As any returning readers may have noticed, a large amount of material has now been deleted from the site.  In fact, the only remaining content apart from the home page is the one concerning my prostatectomy.  This is due to the fact that this is actually a new website as the old one had been hacked.  The only pages saved from the old site were the home page and the prostatectomy page.

Although a lot has been lost, I see this as a new beginning.  Much of the old content was out-of-date, especially with regards to my current thinking on Late Antiquity, so it has given me the chance to begin again with a clean slate.  Hopefully over time I will get a better grasp of the fundamentals of the site and so be able to organise things better than the old site, with clear labels and a logical layout.  But then again, maybe not.  All  of the preceding relies on me being able to work out how to use WordPress properly, and as I’m not the most tech-savvy person on the planet this may take some time – so please bear with me.

Now that the site is up and running and I have regained my confidence in its longevity and ability to repel attacks, I can start writing blog entries on a more consistent basis.  So let me begin by giving an update on current work schedules.  My latest book, ‘Gaiseric: The Vandal Who Sacked Rome’, is due out in the UK at the end of July, and in the US at the beginning of November.  This will be – I think! – my sixth book.

More importantly for me, my publishers have agreed to further contracts, so I will be writing until at least May 2021.  The subjects of these books remain, as usual, ‘closely guarded secrets’ since the publishers don’t want the opposition to find out my plans and beat us to the punch.  (Apparently this can happen:  sad but true!)  Readers may be interested to know, however, that included are one or two ‘requests’ that I have received over recent months.

What I am allowed to say is that I am close to finishing the text for my next book, which will be on Attila.  As with Gaiseric, I am attempting to look at Hunnic history through the eyes of Attila rather than through the mind set of the Roman authors who are our source of information.   Hopefully this will be an approach that yields some new hypotheses, although whether these will stand the test of time is another matter entirely!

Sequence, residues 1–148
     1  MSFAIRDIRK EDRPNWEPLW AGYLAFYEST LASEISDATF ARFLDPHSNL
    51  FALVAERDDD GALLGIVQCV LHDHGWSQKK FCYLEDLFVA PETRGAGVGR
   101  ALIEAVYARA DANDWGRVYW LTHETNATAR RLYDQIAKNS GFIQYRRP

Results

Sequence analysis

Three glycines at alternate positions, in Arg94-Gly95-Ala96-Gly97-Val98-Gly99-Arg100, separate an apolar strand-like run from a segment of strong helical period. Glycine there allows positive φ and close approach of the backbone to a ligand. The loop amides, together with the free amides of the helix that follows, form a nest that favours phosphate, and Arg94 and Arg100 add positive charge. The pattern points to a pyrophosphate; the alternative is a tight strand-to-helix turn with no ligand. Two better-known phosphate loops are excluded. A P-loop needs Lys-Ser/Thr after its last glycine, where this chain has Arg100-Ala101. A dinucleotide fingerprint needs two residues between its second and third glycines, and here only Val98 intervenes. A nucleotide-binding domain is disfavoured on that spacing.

After I have finished ‘Attila’, I am going to change period ever so slightly.  I have always wanted to analyse the military aspects of the reign of Constantine I ‘The Great’.  Most writers have focused on his Christianity, so I’m hoping that although he is one of the most written-about people in history, I can provide something different in the hope that it is worth reading.  I have already started research and have realised why few authors have attempted the task:  the massive changes in the Roman military that took place around the turn of the fourth century CE are so poorly documented that confusion and argument prevails.

After the confusion and poorly-documented period of the fifth century I was hoping that the better-recorded fourth century would be easier!  Trust me to pick a subject surrounded by doubt and a wide variety of theories.  Oh well, back to the usual grindstone it is!